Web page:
The days that followed that talk with the doctors was terrible. My heart broke into a million tiny pieces everyday. I cried the whole time during that first week. I grieved for the child Noah would never be for he would never be typical. I grieved for the what-ifs and what-might-have-beens. I cried for Noah’s unknown future. I cried for the parents we had to become. I cried because I wondered if I can ever be enough for my kids. Kaya ko ba to? Kaya ba namin to?
The daily visits to the NICU that week became so difficult. I saw Noah with a heavy heart and weary eyes. He was confined to his incubator but I was able to touch him and cuddle with him. Here was little Noah, fighting so hard so he could come home. I held his frail, tiny body tight and smelled him. I held my baby. I held our son. No matter what happened and will happen, extra chromosome or not, the little guy I was holding is our son. After all that he’s been through, after that brave fight he fought and after hearing how hard his heart worked, HE IS HERE. Our son, DW’s younger brother, a new grandchild is finally here.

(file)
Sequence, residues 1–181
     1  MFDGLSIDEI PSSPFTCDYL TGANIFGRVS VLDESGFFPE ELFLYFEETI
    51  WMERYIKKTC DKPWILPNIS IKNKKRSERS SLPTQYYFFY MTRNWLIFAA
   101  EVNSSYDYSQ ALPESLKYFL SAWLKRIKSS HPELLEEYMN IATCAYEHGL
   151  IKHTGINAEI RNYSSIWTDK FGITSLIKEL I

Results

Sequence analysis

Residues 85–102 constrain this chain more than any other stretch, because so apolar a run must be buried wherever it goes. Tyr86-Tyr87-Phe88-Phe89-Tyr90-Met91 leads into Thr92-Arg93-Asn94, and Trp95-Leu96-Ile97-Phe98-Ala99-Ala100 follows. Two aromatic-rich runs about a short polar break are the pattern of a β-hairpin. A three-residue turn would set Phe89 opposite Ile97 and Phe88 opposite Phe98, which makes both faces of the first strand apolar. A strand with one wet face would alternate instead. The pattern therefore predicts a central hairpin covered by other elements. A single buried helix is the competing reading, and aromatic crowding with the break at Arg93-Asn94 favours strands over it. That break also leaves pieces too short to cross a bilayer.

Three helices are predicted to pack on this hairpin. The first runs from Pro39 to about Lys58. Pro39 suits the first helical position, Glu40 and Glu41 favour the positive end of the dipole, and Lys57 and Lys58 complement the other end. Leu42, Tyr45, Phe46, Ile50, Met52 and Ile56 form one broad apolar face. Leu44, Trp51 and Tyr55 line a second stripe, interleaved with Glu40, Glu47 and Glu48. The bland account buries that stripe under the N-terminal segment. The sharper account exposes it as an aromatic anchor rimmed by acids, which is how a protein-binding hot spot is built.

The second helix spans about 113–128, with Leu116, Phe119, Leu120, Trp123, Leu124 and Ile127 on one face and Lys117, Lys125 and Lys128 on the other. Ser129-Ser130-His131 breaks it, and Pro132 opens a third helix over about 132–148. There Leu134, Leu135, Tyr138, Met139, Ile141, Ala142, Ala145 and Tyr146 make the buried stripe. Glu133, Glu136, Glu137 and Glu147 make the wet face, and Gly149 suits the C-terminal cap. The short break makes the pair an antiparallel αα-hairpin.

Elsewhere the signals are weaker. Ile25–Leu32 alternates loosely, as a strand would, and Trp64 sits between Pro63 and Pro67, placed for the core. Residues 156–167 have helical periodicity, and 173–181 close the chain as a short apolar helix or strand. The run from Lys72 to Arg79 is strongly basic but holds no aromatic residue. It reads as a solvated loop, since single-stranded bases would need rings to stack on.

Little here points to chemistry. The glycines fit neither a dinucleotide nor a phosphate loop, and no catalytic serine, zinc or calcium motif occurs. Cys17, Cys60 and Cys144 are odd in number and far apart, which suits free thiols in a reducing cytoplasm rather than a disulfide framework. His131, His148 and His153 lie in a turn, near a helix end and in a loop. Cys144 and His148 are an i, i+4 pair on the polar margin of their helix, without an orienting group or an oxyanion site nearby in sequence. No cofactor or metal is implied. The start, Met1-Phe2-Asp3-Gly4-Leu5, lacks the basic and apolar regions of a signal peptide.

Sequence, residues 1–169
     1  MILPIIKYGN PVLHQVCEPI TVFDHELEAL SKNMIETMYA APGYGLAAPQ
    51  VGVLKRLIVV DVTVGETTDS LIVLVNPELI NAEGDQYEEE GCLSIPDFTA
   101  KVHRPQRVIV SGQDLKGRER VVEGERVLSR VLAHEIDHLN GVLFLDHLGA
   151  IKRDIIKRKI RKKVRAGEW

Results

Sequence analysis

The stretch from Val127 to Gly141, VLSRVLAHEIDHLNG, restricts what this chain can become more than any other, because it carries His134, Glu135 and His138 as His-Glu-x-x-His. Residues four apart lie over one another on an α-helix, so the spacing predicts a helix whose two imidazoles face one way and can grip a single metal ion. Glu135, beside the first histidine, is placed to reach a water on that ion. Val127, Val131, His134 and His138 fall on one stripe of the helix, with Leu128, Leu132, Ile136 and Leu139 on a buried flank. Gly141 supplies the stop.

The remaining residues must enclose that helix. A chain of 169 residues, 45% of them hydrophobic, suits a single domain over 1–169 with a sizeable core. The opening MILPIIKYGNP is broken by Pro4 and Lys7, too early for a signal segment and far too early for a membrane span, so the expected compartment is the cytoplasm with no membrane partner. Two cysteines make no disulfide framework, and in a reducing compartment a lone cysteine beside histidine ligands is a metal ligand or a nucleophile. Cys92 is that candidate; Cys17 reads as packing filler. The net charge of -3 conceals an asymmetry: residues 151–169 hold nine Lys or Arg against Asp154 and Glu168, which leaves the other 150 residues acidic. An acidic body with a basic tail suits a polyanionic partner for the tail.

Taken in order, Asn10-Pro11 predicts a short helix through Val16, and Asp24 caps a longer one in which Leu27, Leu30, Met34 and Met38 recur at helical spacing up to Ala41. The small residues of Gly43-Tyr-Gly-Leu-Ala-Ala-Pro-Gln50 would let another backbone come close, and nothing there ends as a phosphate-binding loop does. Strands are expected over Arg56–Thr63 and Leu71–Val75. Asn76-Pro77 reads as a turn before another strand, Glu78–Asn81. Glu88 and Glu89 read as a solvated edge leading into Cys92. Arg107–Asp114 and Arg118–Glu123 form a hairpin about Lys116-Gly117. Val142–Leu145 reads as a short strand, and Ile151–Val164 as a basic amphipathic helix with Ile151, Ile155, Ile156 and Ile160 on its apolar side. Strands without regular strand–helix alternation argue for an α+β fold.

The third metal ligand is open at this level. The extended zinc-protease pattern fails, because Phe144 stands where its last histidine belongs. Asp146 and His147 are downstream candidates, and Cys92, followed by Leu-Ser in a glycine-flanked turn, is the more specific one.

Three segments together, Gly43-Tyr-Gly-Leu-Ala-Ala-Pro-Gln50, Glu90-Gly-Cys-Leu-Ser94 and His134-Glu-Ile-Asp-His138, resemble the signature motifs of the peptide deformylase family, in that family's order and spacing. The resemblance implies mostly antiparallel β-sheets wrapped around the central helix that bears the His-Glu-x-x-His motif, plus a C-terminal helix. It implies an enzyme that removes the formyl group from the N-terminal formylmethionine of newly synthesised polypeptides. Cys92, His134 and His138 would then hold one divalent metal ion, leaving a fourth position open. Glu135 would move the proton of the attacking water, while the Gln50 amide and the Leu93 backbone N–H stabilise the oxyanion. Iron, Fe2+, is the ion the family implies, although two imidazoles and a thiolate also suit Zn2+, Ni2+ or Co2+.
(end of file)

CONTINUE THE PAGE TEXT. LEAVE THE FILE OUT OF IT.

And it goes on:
Yet still, I was at a loss. I didn’t know how to process my feelings. I went to the facebook page of Down Syndrome Association of the Philippines to see what lies ahead of us. I looked at picture after picture of kids with Down Syndrome. They all had eyes like that of Noah’s and my heart grew heavier. I looked at what they were doing and what events they went to. I imagined our life with the group, this new community that we have joined. I imagined Noah going on their Happy Walks and playing soccer with the Malditas. I also looked at updates and posts of the parents. They all seemed happy if not anxious but they all seemed ok. Maybe I’ll get to that sense of peace soon I thought.